`gen_rpc` uses [hut]( for logging. This allows the developer to integrate the logging library of their choice by providing the appropriate definition in their `rebar.config`. The default logging facility of `hut` is SASL.

For more information on how to enable `gen_rpc` to use your own logging facility, consult the []( of `hut`.

## SSL Configuration

`gen_rpc` supports SSL for inter-node communication. This allows secure communication and execution over insecure channels such as the internet, essentially allowing a **trully globally distributed Erlang/Elixir** setup. `gen_rpc` is very opinionated on how SSL should be configured and the bundled default options include:

- A proper PFS-enabled cipher suite

- Both server and client-based SSL node CN (Common Name) verification

- Secure renegotiation

- TLS 1.1/1.2 enforcement

All of these settings can be found in `include/ssl.hrl` and overriden by redefining the necessary option in `ssl_client_options` and `ssl_server_options`. To actually use SSL support, you'll need to define in both `ssl_client_options` and `ssl_server_options`:

- The public and private keys in PEM format, for the node you're running `gen_rpc` on, using the usual `certfile`, `keyfile` options.

- The public key of the CA that signs the node's key and the public key(s) of CA that `gen_rpc` should trust, included in the file `cacertfile` points at.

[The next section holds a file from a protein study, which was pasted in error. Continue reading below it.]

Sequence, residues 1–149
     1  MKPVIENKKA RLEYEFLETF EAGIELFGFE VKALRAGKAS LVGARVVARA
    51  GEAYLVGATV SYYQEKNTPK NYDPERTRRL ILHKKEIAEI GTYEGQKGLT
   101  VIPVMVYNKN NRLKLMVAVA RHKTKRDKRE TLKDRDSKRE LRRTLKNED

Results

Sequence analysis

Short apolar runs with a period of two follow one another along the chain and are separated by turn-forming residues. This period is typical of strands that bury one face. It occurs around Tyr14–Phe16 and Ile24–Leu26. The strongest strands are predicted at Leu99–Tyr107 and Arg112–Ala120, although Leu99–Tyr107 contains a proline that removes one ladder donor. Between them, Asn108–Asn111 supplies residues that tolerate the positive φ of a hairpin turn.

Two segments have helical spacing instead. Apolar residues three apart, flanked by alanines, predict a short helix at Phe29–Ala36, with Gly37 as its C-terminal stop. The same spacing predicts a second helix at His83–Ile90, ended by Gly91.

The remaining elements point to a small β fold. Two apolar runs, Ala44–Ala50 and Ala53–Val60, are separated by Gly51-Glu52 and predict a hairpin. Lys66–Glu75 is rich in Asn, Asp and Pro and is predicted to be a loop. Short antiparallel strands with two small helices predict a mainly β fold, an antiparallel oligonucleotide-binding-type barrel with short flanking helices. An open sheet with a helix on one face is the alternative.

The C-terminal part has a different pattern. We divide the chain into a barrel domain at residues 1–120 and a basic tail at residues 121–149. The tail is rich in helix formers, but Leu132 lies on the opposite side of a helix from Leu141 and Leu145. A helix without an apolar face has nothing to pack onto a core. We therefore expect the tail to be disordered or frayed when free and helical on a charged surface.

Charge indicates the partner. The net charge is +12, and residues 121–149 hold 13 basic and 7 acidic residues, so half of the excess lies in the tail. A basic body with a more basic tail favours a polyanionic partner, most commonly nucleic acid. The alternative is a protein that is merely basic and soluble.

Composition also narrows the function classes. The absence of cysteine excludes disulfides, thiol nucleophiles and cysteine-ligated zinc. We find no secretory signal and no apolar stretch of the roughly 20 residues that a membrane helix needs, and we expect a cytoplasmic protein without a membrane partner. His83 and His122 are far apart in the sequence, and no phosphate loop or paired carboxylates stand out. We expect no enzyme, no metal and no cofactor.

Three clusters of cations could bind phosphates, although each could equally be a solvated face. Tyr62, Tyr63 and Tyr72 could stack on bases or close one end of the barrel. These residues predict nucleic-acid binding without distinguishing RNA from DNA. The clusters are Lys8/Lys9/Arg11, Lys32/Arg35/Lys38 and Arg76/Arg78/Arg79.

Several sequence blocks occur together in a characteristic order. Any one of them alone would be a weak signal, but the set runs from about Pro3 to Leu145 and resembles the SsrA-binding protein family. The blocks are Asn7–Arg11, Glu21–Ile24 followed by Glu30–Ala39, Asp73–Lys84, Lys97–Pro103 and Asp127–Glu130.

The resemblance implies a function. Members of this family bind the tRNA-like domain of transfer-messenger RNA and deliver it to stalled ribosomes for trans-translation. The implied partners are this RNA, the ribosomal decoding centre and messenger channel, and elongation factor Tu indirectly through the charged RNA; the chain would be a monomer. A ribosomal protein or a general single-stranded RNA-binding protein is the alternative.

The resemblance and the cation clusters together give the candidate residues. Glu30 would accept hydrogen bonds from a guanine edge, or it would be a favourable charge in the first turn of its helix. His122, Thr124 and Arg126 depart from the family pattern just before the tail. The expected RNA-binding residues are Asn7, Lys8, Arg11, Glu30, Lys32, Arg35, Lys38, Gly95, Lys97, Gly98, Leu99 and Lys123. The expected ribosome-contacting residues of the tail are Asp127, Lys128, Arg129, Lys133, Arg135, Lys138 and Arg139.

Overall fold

- Optionally, a Diffie-Hellman parameter file using the `dhfile` option.

To generate your own self-signed CA and node certificates, numerous articles can be found online such as [this](

Usually, the CA that will be signing your client and server SSL certificates will be the same so a nominal `sys.confg` that includes SSL support for `gen_rpc` will look like:

    {gen_rpc, [
        {ssl_client_options, [
            {certfile, "priv/cert.pem"},
            {keyfile, "priv/cert.key"},
            {cacertfile, "priv/ca.pem"},
            {dhfile, "priv/dhparam.pem"}
        {ssl_server_options, [
            {certfile, "priv/cert.pem"},
            {keyfile, "priv/cert.key"},
            {cacertfile, "priv/ca.pem"},
            {dhfile, "priv/dhparam.pem"}

For multi-site deployments, a performant setup can be provisioned with edge `gen_rpc` nodes using SSL over the internet and plain TCP for internal data exchange. In that case, non-edge nodes can have `{ssl_server_port, false}` and `{default_client_driver, tcp}` and edge nodes can have their plain TCP port firewalled externally and `{default_client_driver, ssl}`.